Now that she’s officially the first lady of Top Dawg Entertainment, it is only right that the entire crew keep their eye on her. Which is why it is all hands on deck at this Las Vegas show. They are monitoring her live performance prowess closely on this night and, although he hasn’t said much to her, Top Dawg approves of her set. “Isn’t he scary? He’s so fucking scary. I spend 90% of my time trying to read him,” SZA jokes. “I’m always digging through Top Dawg trying to figure out what he means. I don’t like yes men. It makes you want to be better. He shows you through his actions that he thinks that you are dope.”
She waves off any notion that Anthony “Top Dawg” Tiffith is some kind of callous individual and says that he’s more of a looming presence that keeps everyone on point by saying very little. “He’s like Charlie from Charlie’s Angels,” she says while Top Dawg is in the middle of munching on a pizza and discussing boxing with a select few in the room. “You never see him but you definitely hear him and feel him. You know he’s around. But, for some reason, I like that. He reminds me of my father so much in his ways.”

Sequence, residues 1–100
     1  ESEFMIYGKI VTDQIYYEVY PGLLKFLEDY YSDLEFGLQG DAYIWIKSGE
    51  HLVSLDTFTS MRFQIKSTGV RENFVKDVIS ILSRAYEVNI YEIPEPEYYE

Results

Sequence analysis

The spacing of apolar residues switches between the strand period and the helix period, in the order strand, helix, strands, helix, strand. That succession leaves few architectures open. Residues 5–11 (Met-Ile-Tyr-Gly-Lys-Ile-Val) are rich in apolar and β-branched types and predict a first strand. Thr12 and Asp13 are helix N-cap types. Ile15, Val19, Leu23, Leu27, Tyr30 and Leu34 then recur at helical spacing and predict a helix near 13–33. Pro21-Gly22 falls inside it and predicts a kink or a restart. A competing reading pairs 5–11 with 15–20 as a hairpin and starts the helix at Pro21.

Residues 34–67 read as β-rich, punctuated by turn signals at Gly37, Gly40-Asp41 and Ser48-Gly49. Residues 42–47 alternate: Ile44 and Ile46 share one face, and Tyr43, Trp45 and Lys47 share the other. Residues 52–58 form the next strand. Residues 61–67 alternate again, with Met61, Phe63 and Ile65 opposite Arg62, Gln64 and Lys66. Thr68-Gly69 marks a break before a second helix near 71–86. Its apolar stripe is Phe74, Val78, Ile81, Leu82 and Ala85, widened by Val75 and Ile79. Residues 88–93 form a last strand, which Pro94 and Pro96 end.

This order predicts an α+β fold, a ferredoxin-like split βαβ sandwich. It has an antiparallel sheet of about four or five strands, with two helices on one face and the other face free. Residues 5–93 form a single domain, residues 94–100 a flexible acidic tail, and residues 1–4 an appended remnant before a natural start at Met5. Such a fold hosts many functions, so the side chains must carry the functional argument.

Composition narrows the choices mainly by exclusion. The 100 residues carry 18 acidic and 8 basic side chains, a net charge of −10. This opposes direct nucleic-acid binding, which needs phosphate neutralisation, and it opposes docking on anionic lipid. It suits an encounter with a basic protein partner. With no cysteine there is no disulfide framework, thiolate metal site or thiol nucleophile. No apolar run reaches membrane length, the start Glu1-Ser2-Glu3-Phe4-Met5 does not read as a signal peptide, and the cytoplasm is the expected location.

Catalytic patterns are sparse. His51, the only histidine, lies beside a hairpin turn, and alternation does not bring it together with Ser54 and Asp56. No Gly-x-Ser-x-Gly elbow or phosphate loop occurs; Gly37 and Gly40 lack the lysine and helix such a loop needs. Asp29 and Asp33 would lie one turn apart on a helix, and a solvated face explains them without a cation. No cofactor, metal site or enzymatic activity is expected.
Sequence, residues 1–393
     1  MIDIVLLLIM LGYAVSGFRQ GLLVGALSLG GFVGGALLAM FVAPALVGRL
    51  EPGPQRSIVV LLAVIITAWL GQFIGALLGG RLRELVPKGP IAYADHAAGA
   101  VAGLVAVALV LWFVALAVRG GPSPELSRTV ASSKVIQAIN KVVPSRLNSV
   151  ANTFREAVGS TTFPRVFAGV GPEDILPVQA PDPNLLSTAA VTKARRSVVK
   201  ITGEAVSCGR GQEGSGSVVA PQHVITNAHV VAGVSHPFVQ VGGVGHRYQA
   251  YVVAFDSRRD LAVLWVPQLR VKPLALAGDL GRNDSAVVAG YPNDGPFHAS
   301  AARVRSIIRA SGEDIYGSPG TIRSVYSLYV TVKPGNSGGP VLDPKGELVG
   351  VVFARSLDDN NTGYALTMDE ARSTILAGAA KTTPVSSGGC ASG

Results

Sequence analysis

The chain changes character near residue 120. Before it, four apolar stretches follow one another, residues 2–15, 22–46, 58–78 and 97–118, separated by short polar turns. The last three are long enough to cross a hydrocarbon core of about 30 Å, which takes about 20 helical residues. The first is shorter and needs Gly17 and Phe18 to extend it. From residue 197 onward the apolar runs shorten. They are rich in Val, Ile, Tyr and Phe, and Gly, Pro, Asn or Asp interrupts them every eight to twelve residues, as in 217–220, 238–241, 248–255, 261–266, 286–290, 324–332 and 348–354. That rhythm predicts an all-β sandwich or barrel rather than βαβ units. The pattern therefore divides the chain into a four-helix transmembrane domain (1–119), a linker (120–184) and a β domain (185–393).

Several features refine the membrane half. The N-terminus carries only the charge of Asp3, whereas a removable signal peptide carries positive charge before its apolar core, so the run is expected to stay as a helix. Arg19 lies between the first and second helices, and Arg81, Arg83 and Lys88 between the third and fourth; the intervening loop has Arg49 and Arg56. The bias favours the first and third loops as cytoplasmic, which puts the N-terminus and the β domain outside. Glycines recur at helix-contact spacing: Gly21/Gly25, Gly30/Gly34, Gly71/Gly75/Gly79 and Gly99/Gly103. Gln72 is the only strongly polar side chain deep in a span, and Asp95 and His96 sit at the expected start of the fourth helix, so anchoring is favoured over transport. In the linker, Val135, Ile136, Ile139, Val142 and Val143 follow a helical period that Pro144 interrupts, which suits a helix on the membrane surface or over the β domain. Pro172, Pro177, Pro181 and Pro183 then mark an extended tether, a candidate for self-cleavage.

To be part of a label that made their presence felt on their own terms is important to SZA. For her, a major label was never an option because, frankly, she doesn’t think they would have a damn clue what to do with her. “I think the labels would only understand me after I tour with Little Dragon or having my music place on HBO’s Girls or something like that,” she says in reference to the majors. “It would teach them about me. I don’t have time to wait for niggas to figure out what to do with me. I’d just rather let me do what I do and have them support me. “